Most Americans Aren’t Aware Their Painkillers Contain Opioids

variety of painkiller pills

Opioids are a group of drug substances that are highly potent, highly addictive and highly dangerous. Opioid drugs are derived from the resin in the seed pod of the Asian poppy plant and include opium, morphine, heroin, and methadone. What few Americans know is that many prescription painkillers are also opioid drug substances.

About Opioid Drugs

Opioid drugs move quickly into the bloodstream and brain when they are ingested, and once there they work by blocking the opioid receptors that are involved in the communication of physical pain as well as the processes of pleasure and reward. It is because these drug substances enter the brain so rapidly and produce such marked effects that they are highly addictive in nature. An individual who has consumed opioid drug substances often feels that these substances are necessary to their ability to continue functioning normally, and they may also experience a series of unpleasant withdrawal symptoms, including intense cravings if they fail to keep a sufficient quantity of opioids in their system.

Individuals who are prescribed opioid painkillers by their medical doctor rarely understand how dangerous these substances actually are. In fact, some individuals will illegally share their opioid painkillers with others or request that friends and family members illegally share their opioid painkillers with them, without realizing the potentially deadly side effects of these actions.

According to a recent survey by the National Safety Council, ninety percent of opioid painkiller users indicated that they were not concerned about the possibility of addiction. This was despite the fact that many of these individuals were actually at risk of developing substance abuse problems based on their current drug use patterns. The council’s medical advisor, Dr. Teater, expressed his concern about the fact that most Americans tend to underestimate the risk that is associated with prescription opioid use.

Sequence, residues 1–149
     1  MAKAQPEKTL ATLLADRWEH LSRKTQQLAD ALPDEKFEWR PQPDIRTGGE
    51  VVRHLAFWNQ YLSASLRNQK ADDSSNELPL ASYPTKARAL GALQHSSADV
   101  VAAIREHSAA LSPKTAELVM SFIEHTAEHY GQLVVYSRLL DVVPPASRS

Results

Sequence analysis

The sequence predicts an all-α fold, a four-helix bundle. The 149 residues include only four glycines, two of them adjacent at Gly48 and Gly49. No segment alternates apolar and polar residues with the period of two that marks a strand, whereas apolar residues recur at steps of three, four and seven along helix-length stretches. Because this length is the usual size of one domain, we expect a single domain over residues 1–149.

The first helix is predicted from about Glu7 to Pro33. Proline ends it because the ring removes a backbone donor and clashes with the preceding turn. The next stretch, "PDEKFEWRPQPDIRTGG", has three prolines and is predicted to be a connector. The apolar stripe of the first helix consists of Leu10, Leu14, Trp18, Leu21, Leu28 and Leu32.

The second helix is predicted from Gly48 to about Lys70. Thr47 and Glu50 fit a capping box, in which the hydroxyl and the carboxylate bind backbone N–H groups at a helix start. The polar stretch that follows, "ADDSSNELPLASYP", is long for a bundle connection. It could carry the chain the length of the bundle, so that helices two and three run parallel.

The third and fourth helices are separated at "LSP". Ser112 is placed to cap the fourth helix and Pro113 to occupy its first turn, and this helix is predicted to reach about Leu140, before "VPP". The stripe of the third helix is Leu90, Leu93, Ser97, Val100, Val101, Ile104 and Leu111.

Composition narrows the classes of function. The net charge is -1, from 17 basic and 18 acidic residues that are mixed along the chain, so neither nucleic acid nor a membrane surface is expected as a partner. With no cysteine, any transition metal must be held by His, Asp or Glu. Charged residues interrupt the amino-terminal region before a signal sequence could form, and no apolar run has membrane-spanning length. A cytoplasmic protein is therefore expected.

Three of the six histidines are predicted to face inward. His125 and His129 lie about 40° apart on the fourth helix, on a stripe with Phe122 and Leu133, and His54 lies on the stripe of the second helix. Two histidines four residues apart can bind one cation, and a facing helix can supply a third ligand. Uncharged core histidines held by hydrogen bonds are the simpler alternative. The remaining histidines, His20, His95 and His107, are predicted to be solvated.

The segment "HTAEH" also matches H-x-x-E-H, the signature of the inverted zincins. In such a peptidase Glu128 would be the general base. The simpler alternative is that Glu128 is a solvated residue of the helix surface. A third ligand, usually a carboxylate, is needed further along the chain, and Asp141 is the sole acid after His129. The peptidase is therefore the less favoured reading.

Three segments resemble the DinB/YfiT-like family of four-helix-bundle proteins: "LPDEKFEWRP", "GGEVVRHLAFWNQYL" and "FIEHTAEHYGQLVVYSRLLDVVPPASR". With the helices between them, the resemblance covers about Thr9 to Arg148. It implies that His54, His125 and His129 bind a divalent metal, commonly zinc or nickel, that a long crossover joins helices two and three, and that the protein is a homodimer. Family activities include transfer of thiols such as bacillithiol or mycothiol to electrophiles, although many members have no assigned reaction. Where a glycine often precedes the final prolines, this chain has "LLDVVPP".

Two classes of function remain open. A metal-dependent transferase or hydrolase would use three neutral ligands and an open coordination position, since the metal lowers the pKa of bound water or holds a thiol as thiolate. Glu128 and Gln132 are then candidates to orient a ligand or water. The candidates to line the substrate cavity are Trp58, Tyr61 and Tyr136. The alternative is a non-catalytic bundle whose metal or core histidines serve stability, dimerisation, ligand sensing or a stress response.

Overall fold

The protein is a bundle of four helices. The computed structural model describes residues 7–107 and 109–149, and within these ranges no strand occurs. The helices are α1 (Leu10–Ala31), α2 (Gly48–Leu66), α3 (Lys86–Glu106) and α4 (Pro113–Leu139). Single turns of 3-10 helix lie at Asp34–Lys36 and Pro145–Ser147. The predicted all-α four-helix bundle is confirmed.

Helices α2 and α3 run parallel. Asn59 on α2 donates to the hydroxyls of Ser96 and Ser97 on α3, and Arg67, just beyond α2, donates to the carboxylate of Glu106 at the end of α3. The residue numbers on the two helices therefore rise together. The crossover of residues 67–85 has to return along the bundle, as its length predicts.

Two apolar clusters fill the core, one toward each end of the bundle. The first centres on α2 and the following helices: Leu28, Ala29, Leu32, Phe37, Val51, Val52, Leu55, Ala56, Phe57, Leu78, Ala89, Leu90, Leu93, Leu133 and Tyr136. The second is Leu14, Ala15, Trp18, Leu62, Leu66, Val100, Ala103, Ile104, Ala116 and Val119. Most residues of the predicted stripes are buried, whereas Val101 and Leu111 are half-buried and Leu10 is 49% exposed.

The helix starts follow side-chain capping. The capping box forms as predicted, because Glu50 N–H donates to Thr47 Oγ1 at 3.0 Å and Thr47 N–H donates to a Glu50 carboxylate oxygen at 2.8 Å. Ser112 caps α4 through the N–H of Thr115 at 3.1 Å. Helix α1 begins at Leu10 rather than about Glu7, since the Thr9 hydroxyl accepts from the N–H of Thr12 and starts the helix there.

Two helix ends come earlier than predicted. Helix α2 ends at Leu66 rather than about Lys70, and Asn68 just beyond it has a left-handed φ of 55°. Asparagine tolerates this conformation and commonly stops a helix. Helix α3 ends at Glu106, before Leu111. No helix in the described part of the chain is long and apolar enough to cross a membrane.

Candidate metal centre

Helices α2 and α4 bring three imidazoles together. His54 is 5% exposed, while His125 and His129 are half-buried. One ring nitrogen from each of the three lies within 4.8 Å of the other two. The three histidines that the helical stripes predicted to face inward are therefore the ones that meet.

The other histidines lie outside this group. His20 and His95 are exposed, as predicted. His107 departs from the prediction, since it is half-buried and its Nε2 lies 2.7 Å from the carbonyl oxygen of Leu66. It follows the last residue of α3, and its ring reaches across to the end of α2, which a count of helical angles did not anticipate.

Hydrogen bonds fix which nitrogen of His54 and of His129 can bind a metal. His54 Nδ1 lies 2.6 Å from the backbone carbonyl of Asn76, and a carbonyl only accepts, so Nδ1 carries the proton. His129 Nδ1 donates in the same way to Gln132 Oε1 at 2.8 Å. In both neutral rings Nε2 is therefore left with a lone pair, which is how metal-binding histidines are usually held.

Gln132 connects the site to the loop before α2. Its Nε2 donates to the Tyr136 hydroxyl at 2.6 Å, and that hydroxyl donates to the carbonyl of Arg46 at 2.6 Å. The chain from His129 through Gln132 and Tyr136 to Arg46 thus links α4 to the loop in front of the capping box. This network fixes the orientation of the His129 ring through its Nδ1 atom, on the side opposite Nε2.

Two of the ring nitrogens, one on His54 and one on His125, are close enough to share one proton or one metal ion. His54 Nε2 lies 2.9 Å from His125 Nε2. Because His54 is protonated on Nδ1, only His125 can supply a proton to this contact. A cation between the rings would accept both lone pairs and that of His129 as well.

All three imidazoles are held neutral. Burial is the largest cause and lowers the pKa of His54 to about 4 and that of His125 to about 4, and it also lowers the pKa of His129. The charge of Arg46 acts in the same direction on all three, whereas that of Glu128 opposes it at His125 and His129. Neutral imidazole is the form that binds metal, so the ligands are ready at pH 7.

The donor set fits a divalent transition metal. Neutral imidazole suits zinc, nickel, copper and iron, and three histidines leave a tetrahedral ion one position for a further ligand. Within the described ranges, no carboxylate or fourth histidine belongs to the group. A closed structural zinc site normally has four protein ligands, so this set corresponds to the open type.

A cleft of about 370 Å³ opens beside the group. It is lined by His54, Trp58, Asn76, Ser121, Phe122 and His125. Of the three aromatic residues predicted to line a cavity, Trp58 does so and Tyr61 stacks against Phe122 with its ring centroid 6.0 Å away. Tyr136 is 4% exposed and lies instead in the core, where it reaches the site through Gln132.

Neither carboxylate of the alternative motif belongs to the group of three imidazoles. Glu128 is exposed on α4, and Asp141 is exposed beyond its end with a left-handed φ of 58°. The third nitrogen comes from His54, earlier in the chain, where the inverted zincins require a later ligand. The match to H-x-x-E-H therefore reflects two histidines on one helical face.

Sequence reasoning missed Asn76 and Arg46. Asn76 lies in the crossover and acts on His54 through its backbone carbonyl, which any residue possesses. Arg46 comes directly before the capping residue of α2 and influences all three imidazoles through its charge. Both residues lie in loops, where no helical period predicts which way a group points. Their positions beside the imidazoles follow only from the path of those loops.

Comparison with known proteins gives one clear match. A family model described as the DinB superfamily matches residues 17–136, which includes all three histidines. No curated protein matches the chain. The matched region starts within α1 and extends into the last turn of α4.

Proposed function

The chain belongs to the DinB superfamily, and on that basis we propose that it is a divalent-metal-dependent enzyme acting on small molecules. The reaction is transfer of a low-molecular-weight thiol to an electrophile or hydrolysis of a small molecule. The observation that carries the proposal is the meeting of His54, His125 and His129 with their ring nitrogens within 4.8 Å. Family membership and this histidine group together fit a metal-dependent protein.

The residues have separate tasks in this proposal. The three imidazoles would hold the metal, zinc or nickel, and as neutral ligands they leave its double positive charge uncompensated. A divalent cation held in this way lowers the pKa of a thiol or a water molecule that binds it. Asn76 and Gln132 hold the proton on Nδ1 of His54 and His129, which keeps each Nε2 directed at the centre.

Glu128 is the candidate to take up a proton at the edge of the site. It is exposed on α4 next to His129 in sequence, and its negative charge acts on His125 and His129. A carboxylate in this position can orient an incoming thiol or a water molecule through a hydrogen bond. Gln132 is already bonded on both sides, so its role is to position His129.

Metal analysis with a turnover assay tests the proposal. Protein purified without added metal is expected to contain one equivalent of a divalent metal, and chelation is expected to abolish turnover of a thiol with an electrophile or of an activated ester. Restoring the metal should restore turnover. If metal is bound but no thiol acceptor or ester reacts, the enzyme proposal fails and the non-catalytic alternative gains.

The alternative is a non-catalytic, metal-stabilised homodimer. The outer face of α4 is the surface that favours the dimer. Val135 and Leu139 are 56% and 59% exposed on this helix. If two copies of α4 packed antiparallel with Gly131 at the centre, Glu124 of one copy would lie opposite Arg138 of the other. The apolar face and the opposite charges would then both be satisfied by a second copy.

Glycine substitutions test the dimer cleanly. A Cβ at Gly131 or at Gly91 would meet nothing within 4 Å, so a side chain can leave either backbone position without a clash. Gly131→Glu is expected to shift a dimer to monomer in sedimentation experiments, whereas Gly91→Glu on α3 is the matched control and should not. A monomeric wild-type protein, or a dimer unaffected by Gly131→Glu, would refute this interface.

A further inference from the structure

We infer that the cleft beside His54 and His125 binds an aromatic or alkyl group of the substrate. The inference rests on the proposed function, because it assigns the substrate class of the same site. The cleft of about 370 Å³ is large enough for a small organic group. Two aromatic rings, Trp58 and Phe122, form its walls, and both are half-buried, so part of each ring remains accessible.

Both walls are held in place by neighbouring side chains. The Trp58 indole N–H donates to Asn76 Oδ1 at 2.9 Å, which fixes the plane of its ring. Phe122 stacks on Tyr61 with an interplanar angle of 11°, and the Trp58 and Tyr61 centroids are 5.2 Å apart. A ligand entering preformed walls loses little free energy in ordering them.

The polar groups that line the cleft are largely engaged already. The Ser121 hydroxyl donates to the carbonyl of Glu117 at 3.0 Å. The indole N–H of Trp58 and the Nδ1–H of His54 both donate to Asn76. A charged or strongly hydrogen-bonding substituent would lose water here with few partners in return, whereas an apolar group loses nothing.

The Health Department reports that in 2009 in Oklahoma state alone, unintentional drug poisoning deaths exceeded motor vehicle deaths as the leading cause for unintentional injury deaths in the state. In fact, unintentional drug poisoning deaths across America have more than doubled between 1999 and 2012 and quadrupled in Oklahoma state. According to the Health Department, Oklahoma has the fifth highest rate of unintentional drug poisoning deaths in the nation. And yet despite this, many individuals don’t truly comprehend the danger of consuming opioid painkillers or sharing them with others.

Legal and Health Dangers of Sharing Opioid Painkillers

According to the National Safety Council survey, almost seventy percent of Americans surveyed admitted that they didn’t know that is considered a felony in most states to share prescription painkillers with others – including family members and friends. Forty-two percent of adults surveyed admitted that they believed sharing prescription painkillers was appropriate or harmless. Furthermore, while most opioid painkiller users admitted that they were not concerned about experiencing any of the adverse side effects of these drugs, nearly sixty percent of individuals surveyed indicated at least one addiction risk factor. These risk factors included twenty-two percent admitting to a personal or family history with alcoholism, twenty-six percent admitting to a personal or family history of depression, sixteen percent admitting to a history of psychiatric medication and sixteen percent admitting to a history of physical, mental or sexual abuse.

Dr. Teater indicates that in most states, the possession of prescription opioids without a valid medical doctor’s prescription is a felony that is punishable by up to three years in prison. Sharing one’s prescription opioids with others is also considered a felony in most states. He indicates that the laws regarding these drugs are rightfully strict because these drugs are so incredibly dangerous. Studies have shown that opioid painkillers don’t actually affect a significant improvement in cases of chronic pain, and Dr. Teater believes it is best just to keep people off them altogether. It is Dr. Teater’s opinion that individuals should carefully examine whether opioid painkillers are even necessary for their condition, and what other alternatives can aid them in resolving their situation so that they may only need to take opioid painkillers for two to three days at most, if at all, rather than for months or years.


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AUTHOR

Sue Birkenshaw

Sue has worked in the addiction field with the Narconon network for three decades. She has developed and administered drug prevention programs worldwide and worked with numerous drug rehabilitation centers over the years. Sue is also a fine artist and painter, who enjoys traveling the world which continues to provide unlimited inspiration for her work. You can follow Sue on Twitter, or connect with her on LinkedIn.